Postnatal, or Postpartum Psychosis is an uncommon disorder that occurs in 1 - 2 per 1,000 women and has a sudden onset with severe symptoms - usually within 2 - 3 weeks of childbirth. Symptoms can also begin during pregnancy especially where there has been a prior episode of psychosis or bipolar disorder. (Factsheet: What is Postnatal (Puerperal) Psychosis?, The Black Dog Institute) This is a medical emergency and a doctor should be contacted immediately. (Emotional Health During Pregnancy and Early Parenthood booklet, Beyond Blue)
It involves having difficulties thinking clearly (thought disturbance), seeing or hearing things that are not there (hallucinations), feeling everyone is against you (paranoia) and powerful delusions. (Emotional Health During Pregnancy and Early Parenthood booklet, Beyond Blue)
Most puerperal psychoses have their onset within the first month of delivery and are manic in nature. An inability to sleep for several nights, agitation, expansive or irritable mood and avoidance of the infant are early warning signs heralding the onset of puerperal psychosis. When delusions or hallucinations are present, they often involve the infant. A woman may have thoughts that the baby is possessed by a demon and should die. She may even experience auditory hallucinations "telling" her to kill her infant. Because the woman is at risk of harming herself or her baby (or both), postpartum psychosis is a medical emergency. (Epperson, American Academy of Family Physicians, April, 15, 1999)
When your partner has postpartum psychosis
This is an extremely uncommon and difficult illness for you and your partner to experience. Communication with your partner will be affected if her thoughts are confused, if she is saying things that don’t make sense, or if she is experiencing delusional thinking or hallucinations. Once your partner is receiving care it can be a good idea to seek counselling yourself as you will be greatly affected and may have many questions. Try to find a trusted health professional for yourself. Some of the things your partner says may seem highly distressing or inappropriate, but try to remember that this is the illness talking. (Factsheet: Caring for someone with PND, PANDA)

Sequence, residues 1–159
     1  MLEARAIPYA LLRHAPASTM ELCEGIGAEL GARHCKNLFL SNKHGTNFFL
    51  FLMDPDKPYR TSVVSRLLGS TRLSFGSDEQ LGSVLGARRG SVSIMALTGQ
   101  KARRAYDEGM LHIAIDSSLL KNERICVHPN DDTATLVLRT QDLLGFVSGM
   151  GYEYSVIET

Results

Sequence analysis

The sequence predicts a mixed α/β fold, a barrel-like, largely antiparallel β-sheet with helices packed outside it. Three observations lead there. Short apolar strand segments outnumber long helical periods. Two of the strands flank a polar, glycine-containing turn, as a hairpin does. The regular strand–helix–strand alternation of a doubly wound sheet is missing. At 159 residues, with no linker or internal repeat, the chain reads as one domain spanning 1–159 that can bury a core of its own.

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- Urgent assessment by a medical specialist is essential.
- Treatment by a psychiatrist, with antipsychotic medication is necessary in most cases.
- Hospitalisation may be required during the acute stages.
- The safety of the mother and the baby needs to be assessed carefully by a health professional because the mother can be disoriented and delusional and unable to adequately care for herself or for her infant. After treatment has started careful monitoring of mother and baby is required on an ongoing basis.
- Once the acute symptoms have settled psychological therapies can be used alongside medication to assist with adjustment to the illness and to provide ongoing care and support with the adjustment to parenthood.
- Family counselling may also be needed to assist family members to understand more about the illness and the required care. (Factsheet: What is Postnatal (Puerperal) Psychosis?, The Black Dog Institute)
- With appropriate treatment and support, the rate of full recovery is high. (Factsheet: Caring for someone with PND, PANDA)